Reported by Nityanand Jayaraman for www.sipcotcuddalore.com
1 December, 2007 — A Paras tanker carrying liquid effluents from Alwaye, Kerala-based Cochin Minerals and Rutile Ltd (CMRL) was caught by villagers in Mettur, even as it was emptying its toxic cargo into a stream flowing from MALCO Ltd’s compound. The incident happened barely 10 metres from the Karumalaikoodal Police Station at 11.30 on 30 November, 2007. The transport manifest in the possession of the driver described the contents as ferric chloride destined for Bhadravati, Andhra Pradesh, from CMRL. Periyar Dravida Kazhagam’s Mr. Sakthivel (a resident of Thangamapuripatnam) discovered the illegal act and local residents immediately seized the vehicle and informed the Karumalaikoodal police station. Another tanker vehicle that accompanied this vehicle is untraceable. People who filed the FIR with the police report that the police checkposts have been alerted of its presence. The police has registered a complaint against Chitra Transporters of nearby Kunjandiyur, and the management of CMRL. A local farmers organisation said it will be sending official complaints to the Kerala Pollution Control Board as well.
“We had been getting reports about this activity for more than a month,” said Sakthivel. According to G. Madesh of the Gonur West Agriculturists Union, the effluents were whitish yellow in colour with a fine sandy ash-like suspension. “The smell was very sharp, and I felt my stomach churning, and had to use the toilet immediately,” he said. After some time, the stream bed turned yellow in colour with a one-inch thick foam. It was irritating to the touch.
CMRL is a repeat offender. In its report dated August 14, 2004, the Supreme Court Monitoring Committee on hazardous wastes had observed that “The unit has already faced closure earlier for discharging hazardous wastes through a concealed illegal pipeline into the Periyar river. The unit will not reopen until and unless its pollution of the Periyar river due to this industry is brought to a complete halt.”
Purushan Eloor of community group Periyar Malineekarana Virudha Samiti (Periyar anti-pollution Committee) said “The company had recently announced that it had gone zero waste. But it appears that they are sending their effluents to Tamilnadu,” he said. It is also suspected that the consignment had been misleadingly labelled as ferric chloride, instead of ferrous chloride. The former is a by-product with a ready market as a coagulant for water purification as long as it is not contaminated with heavy metals. Sridhar of Thanal, a Trivandrum-based public interest organisation that has supported the community struggle against pollution by CMRL and other companies in Alwaye, said that the company’s ferric chloride had also been rejected in the past by Kollam-based Hindustan Newsprint owing to the high levels of heavy metal contaminants. He also says that the use of contaminated ferric chloride from CMRL may have been one explanation for the high heavy metal levels found in sludge from a nearby Pepsi factory.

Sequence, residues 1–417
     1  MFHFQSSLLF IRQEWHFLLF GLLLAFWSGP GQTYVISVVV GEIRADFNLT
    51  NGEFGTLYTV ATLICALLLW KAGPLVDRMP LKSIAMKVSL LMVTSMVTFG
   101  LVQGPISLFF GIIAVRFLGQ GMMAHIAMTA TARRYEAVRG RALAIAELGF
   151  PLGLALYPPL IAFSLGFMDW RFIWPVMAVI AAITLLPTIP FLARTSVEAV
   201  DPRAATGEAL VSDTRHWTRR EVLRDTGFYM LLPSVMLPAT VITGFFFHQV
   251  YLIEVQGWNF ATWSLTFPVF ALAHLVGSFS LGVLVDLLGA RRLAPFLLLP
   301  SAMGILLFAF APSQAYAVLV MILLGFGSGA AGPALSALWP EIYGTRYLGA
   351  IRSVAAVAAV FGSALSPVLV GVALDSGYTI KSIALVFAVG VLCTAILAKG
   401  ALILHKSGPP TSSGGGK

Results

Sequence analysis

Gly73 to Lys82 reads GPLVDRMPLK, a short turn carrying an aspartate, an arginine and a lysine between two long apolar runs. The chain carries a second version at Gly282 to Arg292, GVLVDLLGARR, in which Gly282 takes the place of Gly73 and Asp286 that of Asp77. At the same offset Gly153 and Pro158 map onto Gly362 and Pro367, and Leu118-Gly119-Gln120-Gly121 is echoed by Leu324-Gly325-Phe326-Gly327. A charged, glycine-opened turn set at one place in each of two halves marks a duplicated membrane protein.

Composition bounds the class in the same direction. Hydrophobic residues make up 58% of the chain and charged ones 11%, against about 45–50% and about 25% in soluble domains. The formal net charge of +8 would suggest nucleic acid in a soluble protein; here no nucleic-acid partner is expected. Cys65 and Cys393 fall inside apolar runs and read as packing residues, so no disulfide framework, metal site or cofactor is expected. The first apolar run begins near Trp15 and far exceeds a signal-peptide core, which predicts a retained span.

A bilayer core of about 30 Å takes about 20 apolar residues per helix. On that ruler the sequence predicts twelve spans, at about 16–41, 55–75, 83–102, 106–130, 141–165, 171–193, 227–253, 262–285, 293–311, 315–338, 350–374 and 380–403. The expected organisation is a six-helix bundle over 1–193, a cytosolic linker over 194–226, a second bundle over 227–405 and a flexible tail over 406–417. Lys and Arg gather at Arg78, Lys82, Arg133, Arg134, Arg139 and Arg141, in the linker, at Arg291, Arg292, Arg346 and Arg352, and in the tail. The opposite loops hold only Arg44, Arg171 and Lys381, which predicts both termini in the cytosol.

Ferrous chloride is a toxic waste. CMRL, which manufactures 70 tons per day of synthetic rutile (an intermediate in the manufacture of Titanium dioxide) through the chloride route produces roughly 90 tons of each by-product per day. The by-products can be contaminated heavily with zinc, lead, mercury, manganese, hexalent chromium and nickel. These heavy metals are extremely toxic and can build up in the food chain to poison consumers of fish, and crops grown using contaminated waters. Mercury can cause damage to the brain and the nervous system. Cadmium can cause kidney failure, and hexavalent chromium is a confirmed carcinogen that can enter the body even through the skin.
“People feel safe to dump into the Kaveri. The Tamilnadu Pollution Control Board will do nothing to prevent pollution of Kaveri even if it is alerted,” said Madesh. MALCO has put up a sign at the point where the strem exits their factory that the water of the stream should not be used by humans or cattle because of its toxic nature. “Only in Mettur will such a sign over a stream that runs through public and private property not attract any attention of the district authorities or TNPCB,” he said.
A recent report titled “Unfolding Disaster” documented the discharge of effluents containing 28 toxic chemicals from Chemplast Sanmar’s PVC factory into the Kaveri. The report, published by Chennai-based Community Environmental Monitoring, called for the listing of Mettur as a critically polluted area by the Central Pollution Control Board.
According to Community Environmental Monitoring, CMRL and the contractor had violated the Hazardous Wastes Rules, 1989, the Water Act and the Motor Vehicles Act, all of which contemplate penal action on violators.
For more information, contact:
G. Madesh, Mettur: 9486113115
Purushan Eloor, Alwaye: 09846666955